Posted on 28 November 2007 by Norm Rose
Facebook’s attempt to exploit its social network for advertising purposes has raised some major concerns from their users. The Beacon advertising platform is designed to broadcast purchases made by users to their social network. The issue has been taken up by the progressive political organization, MoveOn.org claiming the program violates privacy. Over 50,000 Facebook users have signed the MoveOn.org petition complaining about the privacy issue. The primary problem seems to be in the opt-out strategy taken by Facebook. There is no question that social networks are here to stay and they do influence purchases, especially for travel. The “Where I’ve Been” application (now owned by Trip Advisor) has been one of the most successful applications on Facebook. Behavioural targeting is also becoming a mainstream advertising strategy that is designed to deliver specific content based on the implicit and explicit behavior of the user. Earlier this year one of the largest players in the behavioral targeting space, Tacoda, was purchased by AOL demonstrating the importance of this emerging advertising trend. Mobile advertising is beginning to become major force as well. Whether planning a complex vacation or buying a HDTV, the opinions of my friends and colleagues do make a difference. The key lesson here is that no matter what the platform (social networks, behavioural targeting or mobile advertising) the user must be in control. Opt-in is the key, not opt-out.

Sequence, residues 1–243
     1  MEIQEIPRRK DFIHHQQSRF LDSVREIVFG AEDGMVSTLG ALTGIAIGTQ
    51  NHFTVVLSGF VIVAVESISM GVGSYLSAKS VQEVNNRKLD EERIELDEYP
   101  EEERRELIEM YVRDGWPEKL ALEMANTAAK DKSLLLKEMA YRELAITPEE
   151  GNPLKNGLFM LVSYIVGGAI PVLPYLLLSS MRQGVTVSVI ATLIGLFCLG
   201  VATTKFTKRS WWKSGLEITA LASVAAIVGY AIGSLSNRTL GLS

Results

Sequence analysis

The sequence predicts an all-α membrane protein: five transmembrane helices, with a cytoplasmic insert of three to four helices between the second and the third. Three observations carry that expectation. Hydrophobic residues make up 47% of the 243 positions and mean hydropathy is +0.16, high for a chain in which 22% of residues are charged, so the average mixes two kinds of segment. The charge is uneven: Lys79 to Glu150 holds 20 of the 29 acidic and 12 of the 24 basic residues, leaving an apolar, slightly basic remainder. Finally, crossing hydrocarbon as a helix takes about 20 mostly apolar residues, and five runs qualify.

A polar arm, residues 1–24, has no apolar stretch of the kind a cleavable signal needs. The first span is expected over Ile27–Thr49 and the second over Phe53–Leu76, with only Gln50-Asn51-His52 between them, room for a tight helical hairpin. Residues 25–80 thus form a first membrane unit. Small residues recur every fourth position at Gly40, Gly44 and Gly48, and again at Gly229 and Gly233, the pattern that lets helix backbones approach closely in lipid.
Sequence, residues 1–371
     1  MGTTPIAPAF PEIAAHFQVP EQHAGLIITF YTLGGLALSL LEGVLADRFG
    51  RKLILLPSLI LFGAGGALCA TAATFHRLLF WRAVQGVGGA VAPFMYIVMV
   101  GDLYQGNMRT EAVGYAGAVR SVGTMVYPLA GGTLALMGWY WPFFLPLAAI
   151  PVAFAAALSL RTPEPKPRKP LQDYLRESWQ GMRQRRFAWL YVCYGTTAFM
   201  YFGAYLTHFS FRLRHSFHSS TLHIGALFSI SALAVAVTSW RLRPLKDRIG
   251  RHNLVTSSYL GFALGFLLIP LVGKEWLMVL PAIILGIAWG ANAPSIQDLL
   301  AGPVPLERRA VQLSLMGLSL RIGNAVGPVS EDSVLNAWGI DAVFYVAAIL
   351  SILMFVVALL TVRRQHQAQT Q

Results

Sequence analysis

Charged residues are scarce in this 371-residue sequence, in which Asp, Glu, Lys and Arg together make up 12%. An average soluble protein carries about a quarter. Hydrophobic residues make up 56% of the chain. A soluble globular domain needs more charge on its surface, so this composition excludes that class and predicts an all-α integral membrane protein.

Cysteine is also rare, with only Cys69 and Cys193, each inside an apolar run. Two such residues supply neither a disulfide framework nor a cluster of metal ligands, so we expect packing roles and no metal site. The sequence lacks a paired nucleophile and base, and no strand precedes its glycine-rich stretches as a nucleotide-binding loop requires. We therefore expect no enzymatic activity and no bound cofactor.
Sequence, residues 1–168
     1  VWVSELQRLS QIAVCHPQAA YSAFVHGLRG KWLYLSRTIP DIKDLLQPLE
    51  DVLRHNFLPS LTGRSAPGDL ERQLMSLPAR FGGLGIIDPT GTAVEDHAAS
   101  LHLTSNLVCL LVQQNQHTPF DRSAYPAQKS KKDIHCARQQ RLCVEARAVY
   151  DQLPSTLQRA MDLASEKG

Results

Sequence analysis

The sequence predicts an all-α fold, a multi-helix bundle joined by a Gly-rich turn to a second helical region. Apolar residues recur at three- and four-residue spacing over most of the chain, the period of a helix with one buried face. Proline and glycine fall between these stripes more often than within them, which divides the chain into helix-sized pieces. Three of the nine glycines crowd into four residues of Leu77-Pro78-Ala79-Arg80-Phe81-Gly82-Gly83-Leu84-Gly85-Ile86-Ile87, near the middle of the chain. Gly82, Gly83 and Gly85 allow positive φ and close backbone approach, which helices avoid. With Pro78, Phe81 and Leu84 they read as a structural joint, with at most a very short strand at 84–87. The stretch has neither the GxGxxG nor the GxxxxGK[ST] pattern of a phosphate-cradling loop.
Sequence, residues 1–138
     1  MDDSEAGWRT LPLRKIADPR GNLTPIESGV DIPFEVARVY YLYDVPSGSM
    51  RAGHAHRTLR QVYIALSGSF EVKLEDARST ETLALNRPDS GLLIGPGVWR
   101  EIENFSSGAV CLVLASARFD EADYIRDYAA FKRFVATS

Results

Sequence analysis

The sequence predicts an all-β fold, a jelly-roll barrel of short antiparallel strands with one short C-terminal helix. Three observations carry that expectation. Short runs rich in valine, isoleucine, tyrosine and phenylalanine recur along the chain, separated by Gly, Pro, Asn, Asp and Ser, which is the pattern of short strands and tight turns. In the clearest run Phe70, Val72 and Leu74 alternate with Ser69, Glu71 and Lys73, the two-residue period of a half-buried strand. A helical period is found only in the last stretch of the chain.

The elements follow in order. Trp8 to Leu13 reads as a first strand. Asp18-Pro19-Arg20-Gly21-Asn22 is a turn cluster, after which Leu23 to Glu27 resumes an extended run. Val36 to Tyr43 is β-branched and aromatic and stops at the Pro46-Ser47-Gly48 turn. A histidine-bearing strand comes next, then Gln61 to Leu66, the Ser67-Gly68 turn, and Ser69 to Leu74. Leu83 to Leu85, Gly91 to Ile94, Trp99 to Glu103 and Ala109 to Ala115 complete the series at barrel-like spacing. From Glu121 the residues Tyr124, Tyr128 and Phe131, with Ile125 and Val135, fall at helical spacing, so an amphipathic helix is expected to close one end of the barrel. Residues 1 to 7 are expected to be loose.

Posted on 15 October 2007 by Norm Rose
The BEAT recently covered my NBTA presentation on Web 2.0 and the release of my new study “Corporate Travel Technologies: Today and Tomorrow“. In the article Jay projects a somewhat skeptical view on whether social networking apps will ever appear in the corporate travel industry. I understand Jay’s skepticism. Throughout my 25 years in the corporate travel industry, I have seen many so-called revolutionary apps announced at trade shows, but never implemented. When it comes to social networking, this trend transcends any specific industry, and thus is a phenomenon that will impact all travel industry segments, even corporate travel! I was talking this morning with the CEO of a new European based social networking platform, Dopplr, that allows individuals to identify other people in their network who are traveling to the same destination. Dopplr’s focus is primarily on business travel. With recent PhoCusWright research that shows that 1/2 of all business trips include an extension for leisure activity, identifying other social networking contacts who are at the destination becomes important. Even from a pure business enterprise perspective, identifying other corporate employees who are at the same destination could have additional value for the traveler. Social Networking is here to stay. Still not convinced? Then perhaps it’s an age thing! PhoCusWright research also shows that people under 35 are much more familiar with social networking apps than those over 35. This generational gap will be most prominent when the current college age Facebook users enter the workforce.